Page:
This tender, flaky crust is one of the easiest I've ever made, and also the most delicious.
I think pie should be made and eaten during every month of the year. Homemade pie is a great way to use up excess fruit, and making your own ensures control over the ingredients and minimizes the waste that comes with commercial desserts.
But there's something to be said especially for pie in the fall: It's the beginning of comfort-food season, the cool weather beckons the firing up of the oven, and the harvest offers up an embarrassment of fruits that want to be enveloped in crust.Now that the weather here in the mid-Atlantic states is dropping, my mind keeps wandering towards pie. Which recently led me to Petee's Pie Company in Manhattan's lower east side. What looks like a humble little pie shop serves up what many call the best pie in the city, and I have to agree. Seriously, that pie is perfection.
Started by pie whisperer Petra 'Petee' Paredez, there's a lot to love about Petee's – like fresh local ingredients, the crust's grassfed butter and organic NY state flour, and that pie is served from the counter on real plates with real forks for eating there, a nice alternative from eating takeout pie in a plastic box. (You can get it to go as well; it comes in a cardboard box.) But it's the pie itself that is brings the crowds. And what's perfect pie without a perfect crust? This one is tender, flaky, buttery, and the perfect compliment to any filling.
I have made hundreds of pies in my life, and oddly enough, I have never had a recipe that I just love. My go-to recipe is certainly serviceable, but not spectacular. I was so startled by how delicious Petee's crust was that I decided to see what the secret was, thinking that surely the great oracle of Google would not satisfy my quest. But lo and behold, there is a video of Petra revealing all! And a recipe to boot! So I tried it, and it was the best pie crust I have yet to make. And one of the easiest because although there are some unusual steps, I'd consider this a foolproof recipe, which really raises the easy factor. You can see the method here:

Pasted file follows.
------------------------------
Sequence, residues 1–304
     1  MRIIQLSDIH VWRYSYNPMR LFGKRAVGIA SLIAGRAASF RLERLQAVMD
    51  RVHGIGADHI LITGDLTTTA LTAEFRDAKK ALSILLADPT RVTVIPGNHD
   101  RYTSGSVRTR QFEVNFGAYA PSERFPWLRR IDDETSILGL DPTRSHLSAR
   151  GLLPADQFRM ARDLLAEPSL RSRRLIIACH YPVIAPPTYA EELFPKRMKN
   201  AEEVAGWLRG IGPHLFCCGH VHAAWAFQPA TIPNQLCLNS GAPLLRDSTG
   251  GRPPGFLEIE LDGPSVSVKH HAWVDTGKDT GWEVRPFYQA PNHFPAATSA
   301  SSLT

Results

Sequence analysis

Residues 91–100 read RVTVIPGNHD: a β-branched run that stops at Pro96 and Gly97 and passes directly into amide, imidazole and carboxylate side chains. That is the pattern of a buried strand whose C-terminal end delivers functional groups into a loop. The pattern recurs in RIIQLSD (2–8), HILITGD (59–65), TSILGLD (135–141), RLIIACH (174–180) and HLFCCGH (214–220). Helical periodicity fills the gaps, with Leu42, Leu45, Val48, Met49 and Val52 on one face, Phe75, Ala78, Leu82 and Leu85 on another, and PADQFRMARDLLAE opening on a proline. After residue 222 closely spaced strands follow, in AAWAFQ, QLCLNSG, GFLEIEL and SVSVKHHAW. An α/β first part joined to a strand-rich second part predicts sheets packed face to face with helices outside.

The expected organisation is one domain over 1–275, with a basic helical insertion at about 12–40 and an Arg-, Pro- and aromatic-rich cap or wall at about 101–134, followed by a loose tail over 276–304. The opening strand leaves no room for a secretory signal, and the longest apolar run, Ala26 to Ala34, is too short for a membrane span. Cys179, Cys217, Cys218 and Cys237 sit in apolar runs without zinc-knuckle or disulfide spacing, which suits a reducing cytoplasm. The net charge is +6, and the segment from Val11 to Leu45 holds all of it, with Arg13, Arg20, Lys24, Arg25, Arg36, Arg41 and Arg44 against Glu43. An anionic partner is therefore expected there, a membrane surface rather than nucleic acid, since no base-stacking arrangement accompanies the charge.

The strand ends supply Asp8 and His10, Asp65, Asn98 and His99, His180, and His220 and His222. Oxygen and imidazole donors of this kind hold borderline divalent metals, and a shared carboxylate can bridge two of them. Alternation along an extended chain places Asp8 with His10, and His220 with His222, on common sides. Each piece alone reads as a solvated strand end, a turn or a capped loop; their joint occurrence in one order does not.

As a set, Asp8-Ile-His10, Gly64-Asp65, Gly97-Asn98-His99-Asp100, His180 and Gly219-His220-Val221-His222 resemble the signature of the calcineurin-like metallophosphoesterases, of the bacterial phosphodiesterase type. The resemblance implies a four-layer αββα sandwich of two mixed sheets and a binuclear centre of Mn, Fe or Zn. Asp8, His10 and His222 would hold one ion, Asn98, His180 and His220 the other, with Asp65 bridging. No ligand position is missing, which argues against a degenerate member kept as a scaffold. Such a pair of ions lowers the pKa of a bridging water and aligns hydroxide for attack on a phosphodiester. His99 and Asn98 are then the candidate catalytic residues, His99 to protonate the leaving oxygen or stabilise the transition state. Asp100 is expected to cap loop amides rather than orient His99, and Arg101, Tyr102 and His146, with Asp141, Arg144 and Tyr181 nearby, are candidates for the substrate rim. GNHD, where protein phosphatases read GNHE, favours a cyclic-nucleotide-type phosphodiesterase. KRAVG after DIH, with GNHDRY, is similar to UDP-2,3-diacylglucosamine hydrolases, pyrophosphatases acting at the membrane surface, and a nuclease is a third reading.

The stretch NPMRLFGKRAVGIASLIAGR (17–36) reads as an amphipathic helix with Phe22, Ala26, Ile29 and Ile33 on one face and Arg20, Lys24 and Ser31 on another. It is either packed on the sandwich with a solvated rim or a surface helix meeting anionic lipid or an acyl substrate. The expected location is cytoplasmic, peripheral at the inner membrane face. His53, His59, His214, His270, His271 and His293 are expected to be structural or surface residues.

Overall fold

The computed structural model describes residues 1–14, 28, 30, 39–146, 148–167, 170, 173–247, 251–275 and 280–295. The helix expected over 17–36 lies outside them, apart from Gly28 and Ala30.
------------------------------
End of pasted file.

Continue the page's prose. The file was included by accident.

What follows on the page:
Petee’s Pie Crust Dough
1 tablespoon sugar
1 teaspoon salt
2 tablespoons hot water (see note)
2 tablespoons ice cold water
1/2 pound (two sticks) unsalted butter, placed in freezer for 30 minutes
2 1/2 cups pastry flour, placed in freezer for 30 minutes (plus extra for flouring work surface) (see note)
- Mix sugar, salt, and hot water in small bowl and stir until dissolved. Place in freezer until ice cold but still liquid.
Note: I used boiling water to ensure it dissolved.
- Sprinkle about 3/4 cup of pastry flour on the bottom of the food processor bowl, then set it up with the grater attachment and grate butter.
Note: I couldn't find my grating blade, so I used a box grater; I worked quickly, and it was fine. Note: I didn't have pastry flour on hand, but substituted a mix of 1 cup cake flour and 1.5 cups all-purpose flour, thinking that this would be a good approximation. It worked perfectly.
- Pour contents of food processor and remaining flour into a cold metal bowl.
- Use your fingers to coat butter pieces with flour and break up any larger bits of butter. When butter pieces are coated in flour, sprinkle the cold sugar/salt/water mixture in. Lightly toss the mixture to spread it throughout. Sprinkle remaining 2 tablespoons of cold water over the mixture and toss to form a shaggy dough.
Note: I needed a little bit more cold water to make the dough stick together, and slowly added into it was workable but not sticky.
- Form the dough into two disks. Wrap in plastic (I used parchment) and chill for at least 30 minutes. Bring back up to room temperature before rolling.
- Sprinkle flour onto clean surface. Roll dough to desired thickness – Petra likes than 1/4 inch. Transfer to pie dish. This will make up to three 9-inch bottom crusts or one double crust pie with a little excess dough.
Mine was perfect for one double-crust 9-inch pie. I blind-baked the bottom for 10 minutes before adding my fruit to avoid the dreaded soggy bottom, and also baked the pie on a baking sheet to help as well. An egg wash on top made a nice shiny, golden lid ... and waiting for an hour after it was done to cut into it ensured that the fruit juices didn't ooze out in a soupy mess, but it was still warm inside.
I am quite happy to finally have found a great go-to crust. Next I am going to try to translate the method to a plant-based version – I am about 90/10 vegan/vegetarian, but I am inspired to play around with these tricks. I will keep you posted.
If you give it a try, I'd love to hear about your experience with it – let us know in the comments. Happy pie season!